Adam Elkus just posted a new piece over at Slate on what artificial does and does not mean for security and geopolitics. It’s a good piece, and professional futurists and history buffs like myself always enjoy reviewing history to help contemplate our futures. His piece is an articulate reminder that: a) we often get wrong our predictions for the impact a new physical technology will have on the world, and; b) history provides useful reminders as to the limits of our ability to accurately predict the future states of complex systems.
Discrete Events versus Open-Ended Uncertainties
Elkus’ paper, dealing as it does with our (in)ability to predict the systemic impacts of even just a single technology, reminded me of another piece I just read, this one by Max Nisen in The Atlantic, where he wrote about the research results arising from a recent geopolitical forecasting tournament. While there are some intuitive and some interesting conclusions reported by the researchers, the important point for current purposes is that the focus of the original contest was for teams to predict 199 world events.
This is where we can examine an important difference in the types of prediction and forecasting activities in which different professionals are engaged. Elkus in his post is talking about big, systemic uncertainties for which there is no serious way for us to develop quantitative model that would be worth anything. Elkus is questioning our ability to accurately foretell the ultimate impact that artificial intelligence – whatever it ends up looking like – will have on global security and geopolitics. In contrast, the geopolitical forecasting tournament was asking people to predict discrete events, such as a particular country successfully conducting a nuclear weapons test.
At first blush these two activities might seem very similar to one another, but in fact they are not. The type of forecasting that Elkus is talking about, in which we are trying to anticipate the “downstream” effects of new technologies as they are developed, discarded, diffused, co-evolved, and laterally evolved across multiple social, economic, and political systems on multiple scales is inherently problematic, if not downright impossible. Discrete events, on the other hand, for which we might have multiple historical precedents and often involving an identifiable cast of characters, are phenomena for which it makes a little more sense to believe that we might be able to develop a better ability to forecast. Events such as military coups and weapons testing are better subjects for gathering “good” data, developing statistical models, and applying other logics to anticipating the decision making and reactions of specific individuals and definable groups of people.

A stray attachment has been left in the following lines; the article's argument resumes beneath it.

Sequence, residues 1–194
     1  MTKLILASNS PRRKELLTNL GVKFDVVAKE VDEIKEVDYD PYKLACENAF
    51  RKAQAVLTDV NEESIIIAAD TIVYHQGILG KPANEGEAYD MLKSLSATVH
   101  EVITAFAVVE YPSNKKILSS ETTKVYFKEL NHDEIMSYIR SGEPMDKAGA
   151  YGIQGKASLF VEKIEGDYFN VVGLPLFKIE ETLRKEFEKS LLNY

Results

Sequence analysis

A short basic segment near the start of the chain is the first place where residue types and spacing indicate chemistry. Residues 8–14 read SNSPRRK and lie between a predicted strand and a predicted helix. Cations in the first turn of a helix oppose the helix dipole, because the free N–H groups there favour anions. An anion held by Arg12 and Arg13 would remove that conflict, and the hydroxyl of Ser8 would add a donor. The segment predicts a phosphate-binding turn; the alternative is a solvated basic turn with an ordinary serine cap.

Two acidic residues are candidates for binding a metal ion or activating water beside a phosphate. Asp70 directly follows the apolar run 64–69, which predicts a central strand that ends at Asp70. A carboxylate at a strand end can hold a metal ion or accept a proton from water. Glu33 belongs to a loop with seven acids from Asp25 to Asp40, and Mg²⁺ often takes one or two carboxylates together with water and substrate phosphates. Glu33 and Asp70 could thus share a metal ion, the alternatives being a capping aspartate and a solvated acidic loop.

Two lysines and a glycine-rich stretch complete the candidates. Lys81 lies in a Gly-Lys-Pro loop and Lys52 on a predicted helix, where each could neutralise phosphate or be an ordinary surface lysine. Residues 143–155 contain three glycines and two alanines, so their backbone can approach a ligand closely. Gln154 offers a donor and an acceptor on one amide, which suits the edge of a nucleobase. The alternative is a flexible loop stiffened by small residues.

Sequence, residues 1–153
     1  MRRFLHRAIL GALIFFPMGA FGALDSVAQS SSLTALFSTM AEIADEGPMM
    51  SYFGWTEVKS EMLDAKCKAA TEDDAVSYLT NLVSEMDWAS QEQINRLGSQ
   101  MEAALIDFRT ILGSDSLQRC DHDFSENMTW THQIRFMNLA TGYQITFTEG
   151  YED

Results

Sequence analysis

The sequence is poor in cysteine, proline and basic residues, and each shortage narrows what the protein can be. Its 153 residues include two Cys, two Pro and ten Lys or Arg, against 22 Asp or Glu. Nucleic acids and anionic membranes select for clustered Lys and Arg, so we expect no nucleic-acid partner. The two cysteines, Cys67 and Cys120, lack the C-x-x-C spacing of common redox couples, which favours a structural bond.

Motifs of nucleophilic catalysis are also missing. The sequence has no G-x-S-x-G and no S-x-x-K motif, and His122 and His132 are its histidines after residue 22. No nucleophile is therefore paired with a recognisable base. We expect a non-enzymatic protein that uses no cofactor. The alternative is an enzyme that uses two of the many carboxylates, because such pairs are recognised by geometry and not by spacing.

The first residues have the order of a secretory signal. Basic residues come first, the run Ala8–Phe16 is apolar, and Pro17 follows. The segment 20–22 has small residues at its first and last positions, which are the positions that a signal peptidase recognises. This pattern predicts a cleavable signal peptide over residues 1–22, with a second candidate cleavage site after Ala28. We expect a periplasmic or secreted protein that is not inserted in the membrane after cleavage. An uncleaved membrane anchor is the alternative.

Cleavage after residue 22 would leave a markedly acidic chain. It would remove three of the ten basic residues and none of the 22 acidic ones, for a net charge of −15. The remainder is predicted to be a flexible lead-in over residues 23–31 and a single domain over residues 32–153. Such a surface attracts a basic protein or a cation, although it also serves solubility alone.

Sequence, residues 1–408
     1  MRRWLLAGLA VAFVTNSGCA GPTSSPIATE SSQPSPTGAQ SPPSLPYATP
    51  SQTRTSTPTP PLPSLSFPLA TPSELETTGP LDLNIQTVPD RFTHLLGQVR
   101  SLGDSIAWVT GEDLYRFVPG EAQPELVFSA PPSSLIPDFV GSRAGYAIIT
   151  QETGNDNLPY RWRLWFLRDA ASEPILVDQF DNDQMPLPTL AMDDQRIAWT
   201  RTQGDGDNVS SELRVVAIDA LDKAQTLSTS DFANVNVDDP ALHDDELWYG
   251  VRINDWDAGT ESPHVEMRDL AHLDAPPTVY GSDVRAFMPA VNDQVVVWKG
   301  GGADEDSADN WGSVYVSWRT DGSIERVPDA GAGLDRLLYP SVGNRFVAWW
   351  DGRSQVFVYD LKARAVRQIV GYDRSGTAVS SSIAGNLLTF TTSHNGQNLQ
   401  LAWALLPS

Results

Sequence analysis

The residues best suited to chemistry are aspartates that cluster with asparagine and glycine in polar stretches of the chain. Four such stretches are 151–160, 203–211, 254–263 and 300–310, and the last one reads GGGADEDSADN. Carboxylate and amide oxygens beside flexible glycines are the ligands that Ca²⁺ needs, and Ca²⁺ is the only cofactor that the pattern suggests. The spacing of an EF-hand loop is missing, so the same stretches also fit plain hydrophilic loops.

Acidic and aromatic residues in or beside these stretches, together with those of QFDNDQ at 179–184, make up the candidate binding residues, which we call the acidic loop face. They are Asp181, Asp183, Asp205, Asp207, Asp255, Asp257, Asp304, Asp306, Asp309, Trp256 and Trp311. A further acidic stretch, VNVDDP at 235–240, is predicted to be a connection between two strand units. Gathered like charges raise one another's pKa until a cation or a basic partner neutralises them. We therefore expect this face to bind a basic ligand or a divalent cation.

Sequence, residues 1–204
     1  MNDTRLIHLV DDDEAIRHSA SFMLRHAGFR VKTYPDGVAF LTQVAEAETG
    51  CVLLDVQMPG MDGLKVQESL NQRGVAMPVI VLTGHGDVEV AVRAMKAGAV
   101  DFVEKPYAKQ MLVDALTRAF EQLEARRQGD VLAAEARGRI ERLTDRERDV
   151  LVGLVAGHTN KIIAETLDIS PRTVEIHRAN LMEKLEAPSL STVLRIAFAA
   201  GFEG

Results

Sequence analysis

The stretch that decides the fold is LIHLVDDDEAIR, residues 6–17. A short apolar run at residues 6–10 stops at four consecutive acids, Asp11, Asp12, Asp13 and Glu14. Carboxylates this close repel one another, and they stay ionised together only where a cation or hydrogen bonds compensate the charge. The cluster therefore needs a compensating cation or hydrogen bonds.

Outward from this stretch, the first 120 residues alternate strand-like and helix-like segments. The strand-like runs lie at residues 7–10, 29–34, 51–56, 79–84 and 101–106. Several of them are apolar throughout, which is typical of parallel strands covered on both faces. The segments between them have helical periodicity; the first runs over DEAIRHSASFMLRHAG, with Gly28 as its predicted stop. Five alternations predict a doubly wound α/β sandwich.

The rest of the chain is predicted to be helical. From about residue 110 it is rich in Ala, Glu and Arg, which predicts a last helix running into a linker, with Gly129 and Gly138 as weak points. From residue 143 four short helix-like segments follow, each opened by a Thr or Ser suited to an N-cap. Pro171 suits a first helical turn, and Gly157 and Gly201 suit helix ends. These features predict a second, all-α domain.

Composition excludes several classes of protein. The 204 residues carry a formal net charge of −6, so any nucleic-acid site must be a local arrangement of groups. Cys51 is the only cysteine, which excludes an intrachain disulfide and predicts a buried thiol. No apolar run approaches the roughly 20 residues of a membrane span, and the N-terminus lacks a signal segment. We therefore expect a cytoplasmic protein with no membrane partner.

Digital Fabrication versus Industry Consolidation
Why is this important? In part because it is with issues like this that academically trained futurists are constantly wrestling. Because we deal with “the future,” clients and audiences often expect that we can and will speak authoritatively on anything about the future. That, unfortunately, is simply not the case. Our subject matter expertise, if you will, is with studying change (broadly speaking) and with constantly exploring the broader contexts of societal change, within which our clients’ work is occurring. To put it another way, people don’t come to us to ask us about the likelihood of a very specific, fairly near-term event (a particular piece of legislation passing or one competitor buying another). Clients generally come to us to explore the big, open-ended uncertainties confronting them, the landscape shifts that they can feel but can’t yet map. And these uncertainties are the type of forecasting challenge articulated by Elkus in his article, rather than the event-specific type of predictions being made in the forecasting tournament reviewed by Nisen.
To frame it again, this time in more specific terms, it is the difference between being asked to forecast the impacts that digital fabrication will have first on economic life, then on social and political life, in the US and across the globe, and being asked to forecast the likelihood of one 3D printer manufacturer attempting to acquire another manufacturer in the next year. The first is a huge, massive question dealing with a level of complexity that most of us simply shy away from, while the second is much more amenable to creating a forecast on which you might immediately place bets. The two are very different questions and in order to engage each one you need to first understand their difference and then understand the different types of approaches you can useful deploy to engage each.
Ultimately, it would benefit all of us who deal explicitly with forecasting and anticipating the future to develop more nuanced frameworks for distinguishing the different types of forecasting being attempted and the different tools (and approaches, such as true crowdsourcing) useful for each.